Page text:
The Delocalizing Gaze (Luchezar Boyadjiev reshuffling the city)
The artist of today is not one who is creating but one who is reshuffling signs.
Leonardo or Shakespeare would be at best producers of decorative
kitsch, at worst – ideologists fortifying the trust in the
system. Already in the 50s and 60s the Situationists found
themselves in this impasse – the world overflows with meanings;
there is no more nature that one can model. They offered
two alternatives: the detouring (détournement) of the dominating semiotic order and the construction of situations.
The detouring has been practiced ever since Dada (take Mona Lisa, paint moustache).
The construction of situations provides a certain totalizing
element. The main work of art is life itself, which is being
organized as resistance to the dominating symbolic order.
But what is life? Unlike their predecessors – Wagner, Tolstoy
and Bogdanov – the Situationists did not believe in the mystical
substance of the subject. The stage they were to perform
their detours could only be the material trace of living,
the city. The total spectacle which power is organizing for
us is unfolding in space, resistance will have to unfold
in space as well.
What do we call a city? The city surrounded with a magic furrow, and which can
be undone only if the furrow is ploughed in reverse; the
City of God as a moral, utopian task; the city of fraternization,
the collective feeding ritual founding the inhabitants’ fraternity;
the city that is constructing triumphal arches to welcome
the ruler which it is to “wed”; the temple-city, the market-city,
Since the middle of the 19th century the city has been encompassing man with
an ever-denser wall of virtual images. By this I mean images
of things we know to be located elsewhere. The Neo-Classical,
Neo-Gothic, Neo-Baroque or Neo-Byzantine styles in urban
construction that were meant to legitimize the new forms
of statehood are good examples of that: here, in the modern
city, you read architectural quotations from other epochs
suggesting tradition, stability and so on. Take advertising,
take the increasingly rapid changes in the fashions for cloths,
cars, goods, names of restaurants and the exotic cuisine
served there… – more and more otherness is injected into
urban space. This is the very definition of urbanity: a space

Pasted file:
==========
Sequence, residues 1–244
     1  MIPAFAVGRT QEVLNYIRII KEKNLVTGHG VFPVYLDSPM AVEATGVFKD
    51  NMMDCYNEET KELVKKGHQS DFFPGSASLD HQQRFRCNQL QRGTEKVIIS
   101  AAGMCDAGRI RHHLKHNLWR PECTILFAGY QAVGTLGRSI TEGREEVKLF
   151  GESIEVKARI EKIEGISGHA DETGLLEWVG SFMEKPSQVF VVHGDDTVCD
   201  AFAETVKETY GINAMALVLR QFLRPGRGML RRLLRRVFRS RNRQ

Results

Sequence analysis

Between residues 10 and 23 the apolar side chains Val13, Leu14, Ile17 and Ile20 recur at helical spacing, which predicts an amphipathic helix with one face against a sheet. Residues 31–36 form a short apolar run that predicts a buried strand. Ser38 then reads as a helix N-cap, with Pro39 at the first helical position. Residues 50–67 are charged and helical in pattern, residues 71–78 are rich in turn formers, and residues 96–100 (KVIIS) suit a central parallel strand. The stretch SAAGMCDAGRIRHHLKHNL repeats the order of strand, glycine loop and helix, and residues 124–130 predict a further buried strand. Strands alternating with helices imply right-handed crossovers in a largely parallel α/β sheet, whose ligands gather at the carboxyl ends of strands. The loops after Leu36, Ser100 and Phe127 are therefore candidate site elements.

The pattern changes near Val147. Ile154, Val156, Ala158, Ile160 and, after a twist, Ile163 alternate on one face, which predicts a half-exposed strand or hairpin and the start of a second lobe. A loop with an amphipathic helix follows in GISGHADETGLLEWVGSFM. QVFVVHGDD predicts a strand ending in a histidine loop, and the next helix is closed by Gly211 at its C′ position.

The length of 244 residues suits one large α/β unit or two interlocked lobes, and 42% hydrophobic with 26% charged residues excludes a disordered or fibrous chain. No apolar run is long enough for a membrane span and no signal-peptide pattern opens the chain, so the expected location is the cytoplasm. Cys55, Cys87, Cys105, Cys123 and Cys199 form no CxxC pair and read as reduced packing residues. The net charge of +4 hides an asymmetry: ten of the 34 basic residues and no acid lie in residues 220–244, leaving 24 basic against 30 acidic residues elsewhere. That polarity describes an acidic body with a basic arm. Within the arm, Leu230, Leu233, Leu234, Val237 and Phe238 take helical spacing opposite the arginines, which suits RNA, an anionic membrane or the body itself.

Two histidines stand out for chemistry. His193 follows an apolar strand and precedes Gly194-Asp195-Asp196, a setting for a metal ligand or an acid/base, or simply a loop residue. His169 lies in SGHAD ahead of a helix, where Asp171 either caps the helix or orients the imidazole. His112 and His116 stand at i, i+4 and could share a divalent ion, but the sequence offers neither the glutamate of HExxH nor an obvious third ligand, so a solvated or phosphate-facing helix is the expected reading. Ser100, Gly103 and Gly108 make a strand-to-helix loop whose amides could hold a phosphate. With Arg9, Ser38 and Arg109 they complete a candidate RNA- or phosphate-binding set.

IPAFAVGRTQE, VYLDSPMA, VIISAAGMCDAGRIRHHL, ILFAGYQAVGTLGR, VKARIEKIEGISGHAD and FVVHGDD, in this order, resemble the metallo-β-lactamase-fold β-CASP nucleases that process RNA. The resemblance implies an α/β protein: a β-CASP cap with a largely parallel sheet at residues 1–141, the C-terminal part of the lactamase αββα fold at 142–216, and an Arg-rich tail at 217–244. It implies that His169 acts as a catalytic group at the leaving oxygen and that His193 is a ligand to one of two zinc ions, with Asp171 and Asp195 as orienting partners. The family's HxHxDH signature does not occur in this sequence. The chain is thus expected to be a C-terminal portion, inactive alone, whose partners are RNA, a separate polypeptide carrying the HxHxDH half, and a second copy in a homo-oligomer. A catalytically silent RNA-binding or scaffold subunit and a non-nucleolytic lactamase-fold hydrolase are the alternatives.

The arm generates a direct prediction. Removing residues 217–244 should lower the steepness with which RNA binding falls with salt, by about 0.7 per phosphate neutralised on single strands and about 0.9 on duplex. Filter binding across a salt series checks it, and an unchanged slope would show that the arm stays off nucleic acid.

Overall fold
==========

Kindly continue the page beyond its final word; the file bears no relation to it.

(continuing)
saturated with otherness (The city is the motherland of foreigners,
says Montesquieu). Therefore, adding a virtual dimension
to the city spectacle intensifies the city principle itself:
more and more otherness per square inch.
The city is a total spectacle and, as Guy Debord used to insist, a spectacle
signifies passivity; the spectacle is a kind of a social
relation, which transforms the spectator into a submissive
consumer of meanings. There is only one way to resist: the
detouring of the mighty streams of signs in order to construct
situations through which the individual will disturb the
total spectacle, they will create unexpected semiotic contexts
and re-appropriate the space that has already been expropriated
What exactly the Situationists had in mind when they were talking about constructing
situations, is hard to see today. The main thing, though,
is that these are non-spectacles. Power is staging triumphal
arches and fields of Mars, but instead of freezing in reverence,
you are drawing around idiotic zigzags, trying to pee somewhere
in the shadows.
| Hot City Visual. Detail - Hot Line for Visual Irregularities
The urban reshufflings of L.B. are thinkable only in the context of the total
spectacle, in a world that has been filled up with meanings.
There are digitalized soldiers, Gypsies and stray dogs peering
through the windows of the residency of the Swiss Ambassador
in Sofia. A century ago this would have been considered a
critical-realist action – harsh social reality is reflected
and framed in didactics by the humanist artist.
There are no social suggestions in the works of L.B. since social layers themselves
are not related in a hierarchy. There is nobody to sympathize
with anybody else. One day the Ambassador turned up in Sofia,
whether via Swiss Air or the computer, it doesn’t really
matter – it is as simple as that. Some are here, others are
there and the question is not about who is happier than somebody
else but about the arbitrary way in which they are differentiated.
Spatiality is articulated differently. Instead of isolating myself with fences,